Manual time-consuming process of case investigation. High-risk alerts are processed as cases for further investigation by an AML analyst. It can take anywhere from 20 minutes to several hours to investigate and resolve complex alerts, turning each case into an SAR or closing it when the investigator deems the activity as unrelated to money laundering. The process is costly, time-consuming and ineffective.
Naturally, the best way for banks to cut cost is to lower the false-positive rate without sacrificing the number and quality of SARs filed. In order to achieve this goal, a bank may be tempted to reduce the total number of alerts generated, hoping that this will cut out a lot of false-positive alerts. But this is a dangerous approach since it could mean throwing the baby out with the bathwater.
Today, existing AML compliance systems, for the most part, are built upon relational databases, which store information (customer, account, transaction, etc.) in rows and columns. Relational databases are great tools for indexing and searching for data, as well as for supporting transactions and performing basic statistical analysis. But they are are poorly equipped for connecting the dots and identifying relationships within datasets — essential features for analyzing money trails and assessing AML risk.
The problem is exacerbated given analysts need to join a number of tables to run queries for finding potential connections. These queries can take hours or even days to run using a relational database. The effort renders meaningful analysis of linkages among parties and transactions practically impossible.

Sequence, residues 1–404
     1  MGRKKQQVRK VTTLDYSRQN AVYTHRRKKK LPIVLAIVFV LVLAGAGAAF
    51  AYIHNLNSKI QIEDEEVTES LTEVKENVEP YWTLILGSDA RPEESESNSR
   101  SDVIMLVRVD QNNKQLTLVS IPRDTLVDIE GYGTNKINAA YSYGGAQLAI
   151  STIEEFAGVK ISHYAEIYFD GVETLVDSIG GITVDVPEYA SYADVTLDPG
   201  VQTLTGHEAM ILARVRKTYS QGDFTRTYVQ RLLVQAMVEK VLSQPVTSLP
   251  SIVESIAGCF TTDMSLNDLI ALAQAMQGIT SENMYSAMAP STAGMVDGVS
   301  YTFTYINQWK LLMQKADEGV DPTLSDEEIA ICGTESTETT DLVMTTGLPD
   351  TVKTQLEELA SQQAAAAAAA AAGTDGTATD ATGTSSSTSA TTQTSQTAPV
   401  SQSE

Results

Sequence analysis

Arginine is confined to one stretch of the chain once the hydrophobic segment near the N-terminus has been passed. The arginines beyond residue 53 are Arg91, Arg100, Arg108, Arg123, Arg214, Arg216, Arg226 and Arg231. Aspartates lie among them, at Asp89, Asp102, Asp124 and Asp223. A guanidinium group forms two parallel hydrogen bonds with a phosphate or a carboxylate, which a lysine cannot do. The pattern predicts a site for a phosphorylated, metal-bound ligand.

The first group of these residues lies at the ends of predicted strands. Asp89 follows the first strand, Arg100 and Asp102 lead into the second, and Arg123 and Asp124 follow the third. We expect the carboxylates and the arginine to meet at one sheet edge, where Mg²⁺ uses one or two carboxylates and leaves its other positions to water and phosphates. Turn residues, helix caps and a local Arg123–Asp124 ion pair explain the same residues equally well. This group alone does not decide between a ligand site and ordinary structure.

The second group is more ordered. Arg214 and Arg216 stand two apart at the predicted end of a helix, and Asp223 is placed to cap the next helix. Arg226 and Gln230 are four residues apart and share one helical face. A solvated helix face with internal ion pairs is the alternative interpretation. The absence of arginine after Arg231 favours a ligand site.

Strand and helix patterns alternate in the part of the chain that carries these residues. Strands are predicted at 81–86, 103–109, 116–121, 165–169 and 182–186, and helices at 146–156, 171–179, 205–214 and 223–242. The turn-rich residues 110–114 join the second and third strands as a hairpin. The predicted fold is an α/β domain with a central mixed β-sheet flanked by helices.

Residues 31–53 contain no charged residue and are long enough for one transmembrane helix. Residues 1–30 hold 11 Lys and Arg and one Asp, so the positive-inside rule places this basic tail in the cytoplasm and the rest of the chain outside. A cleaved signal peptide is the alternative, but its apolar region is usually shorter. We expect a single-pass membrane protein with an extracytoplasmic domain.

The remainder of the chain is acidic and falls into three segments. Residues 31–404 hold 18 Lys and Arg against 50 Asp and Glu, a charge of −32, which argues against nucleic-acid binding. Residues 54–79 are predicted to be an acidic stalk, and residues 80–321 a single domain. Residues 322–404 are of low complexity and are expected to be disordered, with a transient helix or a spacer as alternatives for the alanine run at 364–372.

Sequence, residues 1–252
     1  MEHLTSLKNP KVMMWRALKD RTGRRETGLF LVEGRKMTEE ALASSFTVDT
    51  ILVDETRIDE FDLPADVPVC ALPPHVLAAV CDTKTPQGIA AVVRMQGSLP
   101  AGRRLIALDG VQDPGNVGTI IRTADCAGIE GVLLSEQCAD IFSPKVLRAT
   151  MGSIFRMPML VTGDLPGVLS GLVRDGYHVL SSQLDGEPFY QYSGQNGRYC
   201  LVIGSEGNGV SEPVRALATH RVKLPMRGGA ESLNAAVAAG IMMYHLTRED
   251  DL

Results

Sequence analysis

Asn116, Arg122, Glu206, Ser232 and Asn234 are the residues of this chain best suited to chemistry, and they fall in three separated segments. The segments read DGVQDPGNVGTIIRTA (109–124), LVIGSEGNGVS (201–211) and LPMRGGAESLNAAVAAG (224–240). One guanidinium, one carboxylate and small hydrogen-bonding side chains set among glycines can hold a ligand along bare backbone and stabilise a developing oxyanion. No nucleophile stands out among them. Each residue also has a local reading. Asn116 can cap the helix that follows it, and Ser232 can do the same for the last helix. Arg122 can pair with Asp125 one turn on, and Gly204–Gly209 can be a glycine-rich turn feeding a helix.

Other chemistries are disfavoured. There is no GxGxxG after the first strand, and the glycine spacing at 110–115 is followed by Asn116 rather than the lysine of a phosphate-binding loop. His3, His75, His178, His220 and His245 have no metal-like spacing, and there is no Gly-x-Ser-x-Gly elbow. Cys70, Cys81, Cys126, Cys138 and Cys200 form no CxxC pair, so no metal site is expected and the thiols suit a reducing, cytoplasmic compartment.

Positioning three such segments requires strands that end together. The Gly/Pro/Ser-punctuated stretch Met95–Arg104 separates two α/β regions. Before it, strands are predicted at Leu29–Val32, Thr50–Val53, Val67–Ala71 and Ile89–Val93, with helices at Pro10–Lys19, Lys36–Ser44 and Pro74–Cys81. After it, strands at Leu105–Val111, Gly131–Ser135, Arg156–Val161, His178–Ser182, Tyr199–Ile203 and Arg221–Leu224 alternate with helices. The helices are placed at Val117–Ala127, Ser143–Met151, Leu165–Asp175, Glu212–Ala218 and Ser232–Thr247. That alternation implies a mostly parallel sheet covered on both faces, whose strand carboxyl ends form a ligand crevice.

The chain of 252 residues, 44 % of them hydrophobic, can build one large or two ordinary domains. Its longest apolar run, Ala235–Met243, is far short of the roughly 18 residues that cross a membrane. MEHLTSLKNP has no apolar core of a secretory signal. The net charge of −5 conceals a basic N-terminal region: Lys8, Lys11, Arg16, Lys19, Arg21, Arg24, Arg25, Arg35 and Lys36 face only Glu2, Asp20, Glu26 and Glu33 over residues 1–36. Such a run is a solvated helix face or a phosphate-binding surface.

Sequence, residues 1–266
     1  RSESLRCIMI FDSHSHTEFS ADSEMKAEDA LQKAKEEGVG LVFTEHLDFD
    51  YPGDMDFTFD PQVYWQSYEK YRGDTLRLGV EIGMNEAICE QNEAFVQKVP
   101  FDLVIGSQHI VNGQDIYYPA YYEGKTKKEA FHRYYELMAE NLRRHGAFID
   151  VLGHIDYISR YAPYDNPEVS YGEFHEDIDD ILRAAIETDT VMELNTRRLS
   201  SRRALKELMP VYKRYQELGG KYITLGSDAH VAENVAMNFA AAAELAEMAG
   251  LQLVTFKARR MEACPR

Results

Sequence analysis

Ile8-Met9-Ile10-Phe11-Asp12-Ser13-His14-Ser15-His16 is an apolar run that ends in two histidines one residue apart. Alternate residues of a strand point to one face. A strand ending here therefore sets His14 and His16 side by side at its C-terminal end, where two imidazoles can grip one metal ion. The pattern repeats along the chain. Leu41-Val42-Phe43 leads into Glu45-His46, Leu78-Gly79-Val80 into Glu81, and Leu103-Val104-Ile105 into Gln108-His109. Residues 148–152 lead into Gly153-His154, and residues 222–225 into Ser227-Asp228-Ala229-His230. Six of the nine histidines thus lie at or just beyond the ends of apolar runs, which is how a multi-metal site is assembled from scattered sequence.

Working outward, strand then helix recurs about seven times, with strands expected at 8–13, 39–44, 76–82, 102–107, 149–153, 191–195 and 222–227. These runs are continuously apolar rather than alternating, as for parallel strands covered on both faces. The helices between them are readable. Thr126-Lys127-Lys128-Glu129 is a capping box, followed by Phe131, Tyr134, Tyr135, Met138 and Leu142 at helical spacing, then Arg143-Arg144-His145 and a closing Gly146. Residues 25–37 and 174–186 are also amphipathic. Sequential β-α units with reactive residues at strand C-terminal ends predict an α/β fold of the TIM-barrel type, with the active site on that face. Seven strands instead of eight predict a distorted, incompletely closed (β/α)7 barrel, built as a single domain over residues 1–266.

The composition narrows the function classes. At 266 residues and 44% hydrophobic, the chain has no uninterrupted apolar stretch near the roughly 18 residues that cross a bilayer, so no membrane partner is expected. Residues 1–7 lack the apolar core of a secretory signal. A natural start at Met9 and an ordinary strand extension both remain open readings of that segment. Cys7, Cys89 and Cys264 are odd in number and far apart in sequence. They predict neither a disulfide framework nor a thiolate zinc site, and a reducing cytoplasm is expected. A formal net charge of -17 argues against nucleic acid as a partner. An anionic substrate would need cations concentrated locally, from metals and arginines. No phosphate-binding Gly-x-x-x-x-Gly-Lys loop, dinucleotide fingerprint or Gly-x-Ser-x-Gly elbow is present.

Graph databases provide the ideal technology for analyzing known relationships and revealing hidden linkages, networks and clusters. Unlike a relational database model, a graph database stores information in nodes — representing customers, entities and their attributes, and edges, representing connections.
When there are multiple nodes and edges, a graph is formed. Connections between nodes can be identified by traversals throughout nodes and edges on the graph. This is more efficient and faster than running queries across tables joined together. In the case of AML, fund-flow trails and parties involved in money laundering activities together create a web of entities and relationships. This is achieved through the three phases of money laundering: placement, layering and integration.
Using linkage and network analysis enabled by the graph model, this web can be dissected with speeds and accuracy that were impossible using a relational database. Combined with conventional AML compliance tools, we can incorporate graph analytics to uncover key insights. This involves looking deep and hard at data from all types of sources — much like how our brains learn and recognize patterns of suspicious behaviors, activities and relationships — through intelligent analytics and advanced algorithms.
In short, graph is a powerful tool to bring together seemingly fragmented pieces of AML data into a coherent whole. Using graph analytics, institutions can gain new insight into the story behind a particular money movement — including the use of various media and the systems used.